Niacin, also called nicotinic acid or vitamin B3, is a vitamin of the vitamin B complex. Niacin plays an essential role in the activities of various enzymes involved in the metabolism of carbohydrates and fat, the functioning of the nervous and digestive systems, the manufacture of sex hormones, and the maintenance of healthy skin.
Important dietary sources of niacin include liver, lean meat, poultry, fish, nuts, and dried beans. Niacin can also be manufactured in the body from the amino acid tryptophan.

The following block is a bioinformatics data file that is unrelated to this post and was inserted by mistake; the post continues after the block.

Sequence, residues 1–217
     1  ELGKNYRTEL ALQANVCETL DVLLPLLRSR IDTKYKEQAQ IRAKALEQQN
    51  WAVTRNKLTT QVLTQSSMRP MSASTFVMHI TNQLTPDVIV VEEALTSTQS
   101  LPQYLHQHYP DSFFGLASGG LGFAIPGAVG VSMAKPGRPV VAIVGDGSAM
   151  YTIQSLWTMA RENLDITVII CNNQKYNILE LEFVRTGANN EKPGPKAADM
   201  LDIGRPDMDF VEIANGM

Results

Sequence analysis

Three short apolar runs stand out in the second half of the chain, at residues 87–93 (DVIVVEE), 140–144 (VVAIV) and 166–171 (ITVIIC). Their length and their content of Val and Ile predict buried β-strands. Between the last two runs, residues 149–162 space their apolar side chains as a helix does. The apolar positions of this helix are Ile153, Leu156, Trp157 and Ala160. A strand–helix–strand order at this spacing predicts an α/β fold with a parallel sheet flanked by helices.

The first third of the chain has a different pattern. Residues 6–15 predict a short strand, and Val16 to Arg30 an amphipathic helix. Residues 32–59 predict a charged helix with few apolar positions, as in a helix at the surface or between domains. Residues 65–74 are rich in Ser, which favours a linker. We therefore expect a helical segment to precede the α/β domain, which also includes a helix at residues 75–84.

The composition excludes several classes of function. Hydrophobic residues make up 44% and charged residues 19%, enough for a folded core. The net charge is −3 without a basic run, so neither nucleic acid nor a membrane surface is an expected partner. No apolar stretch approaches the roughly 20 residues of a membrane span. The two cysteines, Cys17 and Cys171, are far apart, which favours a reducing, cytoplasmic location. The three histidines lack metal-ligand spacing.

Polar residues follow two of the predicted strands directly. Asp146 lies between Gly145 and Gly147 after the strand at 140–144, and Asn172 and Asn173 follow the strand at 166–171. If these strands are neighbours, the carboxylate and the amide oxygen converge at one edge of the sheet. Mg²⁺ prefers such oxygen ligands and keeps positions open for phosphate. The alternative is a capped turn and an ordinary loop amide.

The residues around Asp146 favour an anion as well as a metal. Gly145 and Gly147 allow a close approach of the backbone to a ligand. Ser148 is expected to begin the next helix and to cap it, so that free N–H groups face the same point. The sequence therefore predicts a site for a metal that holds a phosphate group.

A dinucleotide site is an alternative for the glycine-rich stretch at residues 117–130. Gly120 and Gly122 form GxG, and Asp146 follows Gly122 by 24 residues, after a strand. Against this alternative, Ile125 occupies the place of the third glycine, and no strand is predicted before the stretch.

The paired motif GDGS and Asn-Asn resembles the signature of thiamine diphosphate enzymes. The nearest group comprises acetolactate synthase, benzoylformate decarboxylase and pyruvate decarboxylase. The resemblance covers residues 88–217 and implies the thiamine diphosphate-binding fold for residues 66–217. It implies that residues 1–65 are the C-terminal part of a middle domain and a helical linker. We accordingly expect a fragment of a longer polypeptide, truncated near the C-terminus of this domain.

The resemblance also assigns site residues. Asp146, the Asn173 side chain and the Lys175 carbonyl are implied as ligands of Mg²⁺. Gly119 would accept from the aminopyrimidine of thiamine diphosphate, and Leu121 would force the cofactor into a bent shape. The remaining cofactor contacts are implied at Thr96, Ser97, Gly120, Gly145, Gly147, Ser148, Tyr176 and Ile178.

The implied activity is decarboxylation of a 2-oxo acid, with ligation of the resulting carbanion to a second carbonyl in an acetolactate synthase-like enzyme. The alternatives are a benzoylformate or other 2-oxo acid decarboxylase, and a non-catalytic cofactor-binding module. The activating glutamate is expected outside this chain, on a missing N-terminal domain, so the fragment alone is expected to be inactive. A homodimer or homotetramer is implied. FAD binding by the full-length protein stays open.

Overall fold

Most cases of niacin deficiency are due to malabsorption disorders or to severe alcohol dependence. Prolonged niacin deficiency causes pellagra, a potentially fatal condition symptoms of which include inflamed skin, digestive problems, and mental impairment.
Large doses of niacin can cause liver damage, peptic ulcers, and skin rashes. Even normal doses can be associated with skin flushing. It can be prescribed as a treatment for elevated total cholesterol and other types of lipid disorders, but it should only be used with medical supervision due to its potential for severe side effects.